Culinary masterminds at La Nostra Pasta craft classic Italian dishes and homemade desserts that sate appetites in an informal, welcoming ambiance. Foursomes debate whether tomatoes are fruits, vegetables, or alien spy technologies over an order of caprese salad, which buddies tomatoes up with buffalo mozzarella and basil leaves ($7.99). Pasta-seekers can sink forks into the three fromaggio penne with fontina, mozzarella, and parmesan cheese doused in cognac and tomato cream sauce ($10.95), and guests can traverse land and sea with the mare e terra, a 12-ounce grilled rib-eye steak accompanied by spicy shrimp skewers, mascarpone mashed potatoes, and merlot and tarragon butter ($18.95). Pastas and entrees waltz to tables with soup or salad, and they also dance well with a homemade dessert such as cannoli, a cylindrical pastry that makes a mean jazz flute when not occupied by citrusy ricotta cheese, chocolate chips, and pistachios ($4.25). Soft sconce lighting illuminates menus, and flower arrangements add hints of color at each wooden table.
By the time he was 20, Christian Zebier was serving as maître d'hôtel for a prestigious restaurant in Belgium. After a five-year stint teaching primary school, he realized that his heart lay in hospitality, and that children have terrible table manners. The first business Zebier began, Air du Temps, deployed an elite staff to serve such distinguished parties as the Belgian royal family.
Zebier stuffed his fine-tuned sense of hospitality into a suitcase and brought it to the United States, where he opened Brasserie Belge. He felt that Sarasota's open-minded, well-traveled residents could appreciate the traditional ambiance of a brasserie. The restaurant's attentive staff serves a menu of Belgian cuisine, such as Prince Edward Island mussels delivered fresh every morning and served with one of 12 styles of belgian fries. On the leather couches of the piano lounge, patrons enjoy Belgian beers, specialty martinis, and small plates.
When Gerald Bennett began work as head chef at the InterContinental Hotel in Cleveland, he was accustomed to whipping up dishes for celebrity clientele. But when the royal family of Dubai came to visit and he served them in their opulent suite, he never thought they'd ask him to leave with them as their personal chef. Since returning to the states and stepping into his role as the president of the Private Chef Association, Gerald has worked to bring his gastronomic prowess to the masses through Food Fun Adventure’s classes and tours. He passes along a visible passion for culinary fusion, which shines through in dishes blending French and Thai or American and German influences.
Culinary tours take participants to local sushi houses, steak houses, and bistros, each highlighting specialty dishes. When head chefs come out to greet their visitors, they often divulge culinary secrets and answer questions about curfew hours for free-range ingredients while doling out tapas and other small plates.
In a more hands-on culinary experience, customers gather in classes and learn to refine dishes based on a chosen theme. Using mostly local and organic ingredients in two kitchen classrooms, chefs show students how to craft delicacies such as scallion waffles with orange-zest chicken and tagine-roasted rack of lamb. In one kitchen, which doubles as an art gallery, knives flick through ingredients, and pots clatter at island stations and small burners. The company’s event center, Heaven, fills with chatter as up to 40 pairs of students filter in. Beneath projectors for screening chef demonstrations and documentaries about the life of a paring knife, separate kitchens equipped with ovens and burners fill with the bustle of creation, which gives way to reverent exhalations as patrons finally sample the fruits of their labor.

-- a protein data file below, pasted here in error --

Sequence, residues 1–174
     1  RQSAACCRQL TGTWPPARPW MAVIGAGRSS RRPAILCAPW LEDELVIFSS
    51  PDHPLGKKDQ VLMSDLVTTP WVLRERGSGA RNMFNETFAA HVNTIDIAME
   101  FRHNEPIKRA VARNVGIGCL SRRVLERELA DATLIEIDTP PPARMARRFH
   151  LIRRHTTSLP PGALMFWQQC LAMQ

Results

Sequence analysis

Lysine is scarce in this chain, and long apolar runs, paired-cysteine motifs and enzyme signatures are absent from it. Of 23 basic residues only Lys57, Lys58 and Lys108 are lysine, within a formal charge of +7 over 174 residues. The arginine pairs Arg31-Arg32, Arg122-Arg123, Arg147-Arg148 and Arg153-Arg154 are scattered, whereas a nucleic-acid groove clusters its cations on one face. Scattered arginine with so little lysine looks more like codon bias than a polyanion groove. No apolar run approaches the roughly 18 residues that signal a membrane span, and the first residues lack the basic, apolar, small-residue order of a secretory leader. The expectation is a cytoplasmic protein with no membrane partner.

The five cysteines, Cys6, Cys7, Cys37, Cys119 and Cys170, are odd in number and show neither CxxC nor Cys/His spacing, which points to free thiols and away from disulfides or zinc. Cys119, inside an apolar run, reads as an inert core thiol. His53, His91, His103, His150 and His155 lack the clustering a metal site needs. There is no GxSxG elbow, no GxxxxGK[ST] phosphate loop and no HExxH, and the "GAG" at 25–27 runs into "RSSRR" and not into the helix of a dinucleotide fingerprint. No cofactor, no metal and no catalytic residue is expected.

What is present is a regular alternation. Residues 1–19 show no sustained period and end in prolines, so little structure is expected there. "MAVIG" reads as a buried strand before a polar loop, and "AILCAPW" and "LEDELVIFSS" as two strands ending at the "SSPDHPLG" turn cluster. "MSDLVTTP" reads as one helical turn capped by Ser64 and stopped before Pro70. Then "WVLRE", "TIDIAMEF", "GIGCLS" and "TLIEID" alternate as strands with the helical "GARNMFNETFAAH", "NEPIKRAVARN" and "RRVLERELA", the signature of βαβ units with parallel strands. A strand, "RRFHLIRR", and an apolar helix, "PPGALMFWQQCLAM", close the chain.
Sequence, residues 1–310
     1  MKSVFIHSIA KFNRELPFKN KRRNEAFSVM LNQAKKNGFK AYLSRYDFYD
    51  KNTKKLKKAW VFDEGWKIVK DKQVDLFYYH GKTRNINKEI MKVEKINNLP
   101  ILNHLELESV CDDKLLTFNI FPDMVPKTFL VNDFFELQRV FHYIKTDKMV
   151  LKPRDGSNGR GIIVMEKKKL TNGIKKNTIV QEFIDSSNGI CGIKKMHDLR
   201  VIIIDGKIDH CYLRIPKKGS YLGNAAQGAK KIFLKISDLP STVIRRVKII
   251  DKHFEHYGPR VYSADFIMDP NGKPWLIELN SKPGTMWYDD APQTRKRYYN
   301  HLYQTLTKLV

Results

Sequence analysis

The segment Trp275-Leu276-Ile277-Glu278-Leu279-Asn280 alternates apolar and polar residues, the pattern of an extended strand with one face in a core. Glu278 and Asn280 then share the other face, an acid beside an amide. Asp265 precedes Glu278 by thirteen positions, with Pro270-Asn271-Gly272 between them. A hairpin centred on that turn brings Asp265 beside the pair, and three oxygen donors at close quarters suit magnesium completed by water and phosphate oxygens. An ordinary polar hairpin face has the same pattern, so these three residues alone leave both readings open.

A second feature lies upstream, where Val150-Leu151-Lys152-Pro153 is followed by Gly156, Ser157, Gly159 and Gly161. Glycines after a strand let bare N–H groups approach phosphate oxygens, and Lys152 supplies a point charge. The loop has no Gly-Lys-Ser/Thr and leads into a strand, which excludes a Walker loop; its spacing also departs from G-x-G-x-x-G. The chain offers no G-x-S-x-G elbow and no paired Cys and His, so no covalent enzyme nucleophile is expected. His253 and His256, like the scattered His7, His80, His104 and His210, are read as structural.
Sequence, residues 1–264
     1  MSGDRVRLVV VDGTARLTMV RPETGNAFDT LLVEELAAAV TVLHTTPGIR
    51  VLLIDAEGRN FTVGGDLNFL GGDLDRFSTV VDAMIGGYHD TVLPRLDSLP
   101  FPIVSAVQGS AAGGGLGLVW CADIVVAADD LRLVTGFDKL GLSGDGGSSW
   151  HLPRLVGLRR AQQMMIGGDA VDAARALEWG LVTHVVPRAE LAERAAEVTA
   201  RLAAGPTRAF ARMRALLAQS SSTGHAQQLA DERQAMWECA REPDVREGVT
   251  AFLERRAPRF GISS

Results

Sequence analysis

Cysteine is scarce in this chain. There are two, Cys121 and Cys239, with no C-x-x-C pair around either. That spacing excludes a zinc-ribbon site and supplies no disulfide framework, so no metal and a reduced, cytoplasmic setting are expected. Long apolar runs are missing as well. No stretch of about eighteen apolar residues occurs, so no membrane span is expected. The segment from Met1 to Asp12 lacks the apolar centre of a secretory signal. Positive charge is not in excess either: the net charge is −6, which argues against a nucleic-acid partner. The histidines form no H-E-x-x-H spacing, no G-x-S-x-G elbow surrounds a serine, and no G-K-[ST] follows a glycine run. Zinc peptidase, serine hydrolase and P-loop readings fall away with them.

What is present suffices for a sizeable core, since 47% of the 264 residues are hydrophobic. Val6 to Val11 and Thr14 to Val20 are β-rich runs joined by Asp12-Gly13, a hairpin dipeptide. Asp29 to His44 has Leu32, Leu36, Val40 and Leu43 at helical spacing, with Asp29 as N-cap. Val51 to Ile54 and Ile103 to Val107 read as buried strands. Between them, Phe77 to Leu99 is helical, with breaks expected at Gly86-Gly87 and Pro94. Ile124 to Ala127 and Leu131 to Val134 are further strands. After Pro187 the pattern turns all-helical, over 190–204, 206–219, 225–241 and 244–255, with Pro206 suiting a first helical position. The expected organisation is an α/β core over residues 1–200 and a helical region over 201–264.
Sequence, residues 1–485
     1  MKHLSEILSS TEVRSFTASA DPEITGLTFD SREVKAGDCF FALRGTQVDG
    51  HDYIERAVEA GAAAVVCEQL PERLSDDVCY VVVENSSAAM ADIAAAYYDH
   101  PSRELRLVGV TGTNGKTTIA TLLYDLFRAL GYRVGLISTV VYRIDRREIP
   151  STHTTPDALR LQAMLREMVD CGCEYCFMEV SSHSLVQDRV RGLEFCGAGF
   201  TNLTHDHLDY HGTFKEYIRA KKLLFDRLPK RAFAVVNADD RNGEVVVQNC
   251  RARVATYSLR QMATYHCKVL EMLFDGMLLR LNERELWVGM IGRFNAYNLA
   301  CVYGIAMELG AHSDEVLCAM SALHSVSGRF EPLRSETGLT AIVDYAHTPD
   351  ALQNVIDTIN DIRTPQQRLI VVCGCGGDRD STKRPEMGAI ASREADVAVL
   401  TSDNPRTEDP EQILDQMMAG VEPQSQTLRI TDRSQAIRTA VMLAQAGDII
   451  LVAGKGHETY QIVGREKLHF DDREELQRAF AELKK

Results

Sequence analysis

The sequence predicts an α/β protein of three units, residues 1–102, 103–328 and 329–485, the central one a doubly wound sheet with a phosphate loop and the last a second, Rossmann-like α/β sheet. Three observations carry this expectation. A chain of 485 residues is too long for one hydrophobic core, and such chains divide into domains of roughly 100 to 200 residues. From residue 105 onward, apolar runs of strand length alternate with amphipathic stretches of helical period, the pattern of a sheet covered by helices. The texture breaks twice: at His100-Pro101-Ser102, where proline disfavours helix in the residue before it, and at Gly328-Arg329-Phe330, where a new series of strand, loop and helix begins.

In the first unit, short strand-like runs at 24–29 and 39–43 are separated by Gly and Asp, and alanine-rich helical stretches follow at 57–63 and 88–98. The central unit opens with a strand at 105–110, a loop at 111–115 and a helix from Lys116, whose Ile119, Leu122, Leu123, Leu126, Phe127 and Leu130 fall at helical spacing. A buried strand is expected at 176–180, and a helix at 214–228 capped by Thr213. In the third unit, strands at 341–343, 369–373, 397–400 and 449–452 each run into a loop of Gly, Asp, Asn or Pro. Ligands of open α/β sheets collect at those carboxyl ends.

You'll never find a packet of dry spaghetti noodles, nor a bag of frozen ravioli, in the kitchen at Giuseppe's Ristorante. That's because the restaurant's Italian-born chef, Eduardo, insists on making every piece of pasta from scratch. He rolls out thin layers of eggy dough to make fresh ravioli, butterfly-shaped farfalle, and long, flat fettuccine noodles perfect for sopping up sauce or lassoing morsels from your date's dinner plate.
After Eduardo has cut and shaped these pastas, he serves them up with proteins such as calamari, salmon, or tender veal, and sauces such as marsala or creamy b?chamel. Just-baked pizzas, salads, and a selection of gluten-free pasta dishes round out the menu. Servers prepare coffee drinks, pour wine, and serve beer?including Italian imports such as Moretti La Rossa. For dessert, try the made-from-scratch zeppole pastry or the affogato, which pairs rich espresso with creamy ice cream.
Nina Lakatos and Lynn Morris, two actual girls, wanted to live healthier lifestyles. They tried combining juices and raw, plant-based vegan foods and discovered that they "made them feel fantastic." Their friends took notice of the duo's improved health and energy and became curious about how to live such a lifestyle. Being a professional chef and professional photographer, the two knew how to make good food and how to make their good food look good, too. So, they started Two Girls Food, making fresh juices and vegan entrees each morning from scratch and delivering them to customers around town. They also offer pickup service in the morning at two locations.
Former pro baseball player Shane William Rawley helms Shaner's Restaurant, where an arm that pitched 12 seasons in the major leagues now hoists menus of Italian and American food. The menu features burgers and sandwiches such as italian sausage and roast beef, alongside thin-crust pizzas such as the five-cheese white pizza and the supreme, boasting a medley of meat and vegetables. Sports games play on 14 high-definition televisions throughout the dining room, which also makes way for dancing powered by the tunes of a live DJ on Friday and Saturday nights.